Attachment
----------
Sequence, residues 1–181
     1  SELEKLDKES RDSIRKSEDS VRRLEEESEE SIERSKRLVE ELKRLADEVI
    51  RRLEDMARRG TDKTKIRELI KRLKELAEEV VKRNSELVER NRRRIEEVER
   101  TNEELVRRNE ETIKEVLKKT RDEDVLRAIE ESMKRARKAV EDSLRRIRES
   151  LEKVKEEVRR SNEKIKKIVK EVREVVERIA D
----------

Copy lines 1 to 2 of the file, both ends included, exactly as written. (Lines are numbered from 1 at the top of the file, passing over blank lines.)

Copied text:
Sequence, residues 1–181
     1  SELEKLDKES RDSIRKSEDS VRRLEEESEE SIERSKRLVE ELKRLADEVI